Electric car innovator Tesla will remain a public company, CEO Elon Musk announced late Friday in a blog post titled "Staying Public" published on Tesla's website.

Why is it notable that things are staying the way they were? Well, if you recall, the company's CEO Elon Musk has been stirring the Tesla pot lately. In a single tweet, Musk had people all over the world saying in dismay: Tesla is going private? How? And why now?

Musk has been raging a war against short-sellers — investors that make money when Tesla's stock value dips. A way to shut them up? Take the company's stock from open speculation and into private hands. And if Musk's tweets were to be believed, it was basically a done deal.

Well, turns out that deal was not exactly done, the funding far from secured. The Saudi Arabian sovereign wealth funds Musk said he was talking to had "shown no interest" in buying out Tesla according to Reuters.

The following Securities and Exchange Commission (SEC) investigation didn't help Elon's cause, further jeopardizing the financial future of the company. If the SEC were to find that Musk made decisions without investors' knowledge, the company could bar Musk from acting as CEO, or even pursue formal charges of fraud according to the New York Times.

Now, Musk has walked back on that whole privatizing thing. After consulting with Tesla's Board of Directors and "current shareholders, large and small," the post says, Musk decided it would be best to give privatization a rest. Turns out no one was all that into the idea to begin with. As Musk admits: "Although the majority of shareholders I spoke to said they would remain with Tesla if we went private, the sentiment, in a nutshell, was 'please don’t do this.'"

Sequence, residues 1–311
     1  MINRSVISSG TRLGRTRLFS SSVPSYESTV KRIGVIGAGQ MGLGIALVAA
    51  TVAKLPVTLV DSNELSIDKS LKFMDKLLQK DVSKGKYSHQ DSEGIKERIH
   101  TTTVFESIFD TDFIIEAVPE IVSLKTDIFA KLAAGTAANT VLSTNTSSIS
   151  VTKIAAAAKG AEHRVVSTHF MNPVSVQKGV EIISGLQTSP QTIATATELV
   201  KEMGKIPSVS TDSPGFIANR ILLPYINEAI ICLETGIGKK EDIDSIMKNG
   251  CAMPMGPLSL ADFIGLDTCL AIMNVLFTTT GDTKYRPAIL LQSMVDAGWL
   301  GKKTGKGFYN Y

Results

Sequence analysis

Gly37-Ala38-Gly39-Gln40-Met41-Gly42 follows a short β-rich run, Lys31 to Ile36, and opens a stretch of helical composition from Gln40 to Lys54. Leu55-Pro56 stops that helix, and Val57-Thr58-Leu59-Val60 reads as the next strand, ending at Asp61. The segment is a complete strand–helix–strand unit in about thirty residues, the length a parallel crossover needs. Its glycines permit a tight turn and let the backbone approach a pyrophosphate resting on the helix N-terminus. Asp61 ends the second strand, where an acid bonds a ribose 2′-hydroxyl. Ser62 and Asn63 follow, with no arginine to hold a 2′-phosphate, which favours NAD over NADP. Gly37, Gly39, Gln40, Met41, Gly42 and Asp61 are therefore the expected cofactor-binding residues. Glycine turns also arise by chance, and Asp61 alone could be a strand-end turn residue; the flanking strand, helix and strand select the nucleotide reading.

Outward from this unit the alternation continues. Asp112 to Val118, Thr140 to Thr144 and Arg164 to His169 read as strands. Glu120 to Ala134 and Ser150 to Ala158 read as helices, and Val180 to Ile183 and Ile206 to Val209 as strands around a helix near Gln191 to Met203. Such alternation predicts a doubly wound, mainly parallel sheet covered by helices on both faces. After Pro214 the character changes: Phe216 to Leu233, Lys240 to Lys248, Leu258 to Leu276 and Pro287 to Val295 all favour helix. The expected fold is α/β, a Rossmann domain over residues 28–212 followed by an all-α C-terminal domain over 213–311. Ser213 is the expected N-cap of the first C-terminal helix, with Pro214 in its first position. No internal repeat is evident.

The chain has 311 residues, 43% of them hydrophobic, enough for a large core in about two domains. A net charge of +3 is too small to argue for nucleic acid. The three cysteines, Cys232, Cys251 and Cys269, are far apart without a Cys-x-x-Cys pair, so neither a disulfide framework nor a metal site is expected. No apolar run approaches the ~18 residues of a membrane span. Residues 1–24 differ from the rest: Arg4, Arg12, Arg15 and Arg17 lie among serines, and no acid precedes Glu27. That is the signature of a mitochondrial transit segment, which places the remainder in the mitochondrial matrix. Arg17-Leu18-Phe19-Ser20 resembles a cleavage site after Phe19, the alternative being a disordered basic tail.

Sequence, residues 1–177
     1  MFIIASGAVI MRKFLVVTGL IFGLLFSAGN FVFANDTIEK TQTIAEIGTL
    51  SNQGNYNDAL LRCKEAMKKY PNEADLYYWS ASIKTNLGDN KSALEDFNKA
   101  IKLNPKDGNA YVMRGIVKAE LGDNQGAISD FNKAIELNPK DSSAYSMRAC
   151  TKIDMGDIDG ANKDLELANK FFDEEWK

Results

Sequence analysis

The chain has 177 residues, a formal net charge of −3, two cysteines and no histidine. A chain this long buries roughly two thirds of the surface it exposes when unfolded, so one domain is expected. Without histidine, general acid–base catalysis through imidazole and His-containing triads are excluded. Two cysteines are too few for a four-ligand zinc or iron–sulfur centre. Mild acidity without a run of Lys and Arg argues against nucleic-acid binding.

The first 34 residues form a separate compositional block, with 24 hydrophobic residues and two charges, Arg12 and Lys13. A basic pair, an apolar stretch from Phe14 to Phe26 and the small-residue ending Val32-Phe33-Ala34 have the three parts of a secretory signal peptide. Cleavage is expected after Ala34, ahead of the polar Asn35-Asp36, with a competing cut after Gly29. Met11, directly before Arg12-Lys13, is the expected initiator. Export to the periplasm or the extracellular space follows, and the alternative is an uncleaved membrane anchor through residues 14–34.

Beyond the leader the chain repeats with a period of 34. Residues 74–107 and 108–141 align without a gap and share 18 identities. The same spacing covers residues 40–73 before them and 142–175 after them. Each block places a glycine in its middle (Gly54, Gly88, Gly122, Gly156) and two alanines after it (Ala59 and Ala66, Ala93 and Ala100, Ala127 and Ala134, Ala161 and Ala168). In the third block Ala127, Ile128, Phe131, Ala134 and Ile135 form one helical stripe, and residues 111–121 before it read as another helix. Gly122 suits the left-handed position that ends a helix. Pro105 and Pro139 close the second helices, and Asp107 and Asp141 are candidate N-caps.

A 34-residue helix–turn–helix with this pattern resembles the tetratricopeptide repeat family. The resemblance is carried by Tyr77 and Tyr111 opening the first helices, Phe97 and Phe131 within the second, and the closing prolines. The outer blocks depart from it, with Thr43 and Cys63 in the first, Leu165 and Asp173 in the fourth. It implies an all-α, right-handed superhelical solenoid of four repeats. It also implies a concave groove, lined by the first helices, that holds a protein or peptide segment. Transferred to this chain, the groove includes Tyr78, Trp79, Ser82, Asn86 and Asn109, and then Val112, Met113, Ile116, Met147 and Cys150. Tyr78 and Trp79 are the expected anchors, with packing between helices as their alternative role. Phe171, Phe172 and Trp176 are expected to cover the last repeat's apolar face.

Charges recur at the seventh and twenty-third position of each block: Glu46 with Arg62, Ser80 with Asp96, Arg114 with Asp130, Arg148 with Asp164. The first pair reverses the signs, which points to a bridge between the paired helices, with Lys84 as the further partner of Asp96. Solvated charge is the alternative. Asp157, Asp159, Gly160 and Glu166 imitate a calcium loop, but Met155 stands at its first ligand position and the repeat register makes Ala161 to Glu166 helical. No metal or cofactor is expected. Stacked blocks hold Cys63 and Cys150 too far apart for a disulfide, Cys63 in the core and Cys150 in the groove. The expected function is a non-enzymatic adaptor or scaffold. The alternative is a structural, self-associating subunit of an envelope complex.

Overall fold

Surely, though, it wasn't just because people didn't like it that Musk reversed course. Could the SEC investigation have played a role? Was it the advice of equity firm Silver Lake, or investment juggernaut Goldman Sachs? Was it because the Tesla factory was literally on fire the day before Musk's announcement?

Perhaps it was simply because Elon Musk didn't think it all the way through or consider all the possible outcomes when he "considered" a private buyout. People close to Musk have said that he might have been "overly simplistic" in his thinking, the New York Times suggests.

So for now, Model 3 production and sustainable profits will take precedent over any plans to privatize the company. It means that Musk will have to contend with slow-moving shareholder decisions — and, yes, even the short-sellers — as the company works furiously to meet its ambitious production deadlines. Now, Musk and his team are working to meet them under even more scrutiny from regulators and from shareholders, and with more competition — the Saudi Public Investment Fund recently made what is likely a billion-dollar deal with Lucid Motors, another electric car company vying for the same milestones and clientele as Tesla.

Musk hasn't given up the dream of privatizing Tesla. In fact, the whole back and forth about privatizing Tesla seems to have reassured him that "there is more than enough funding to take Tesla private," he writes in the blog post (though who exactly would be paying for that remains unclear).

More on Tesla and the future of electric vehicles: Electric Cars Are Too Important For Elon Musk to Put at Risk

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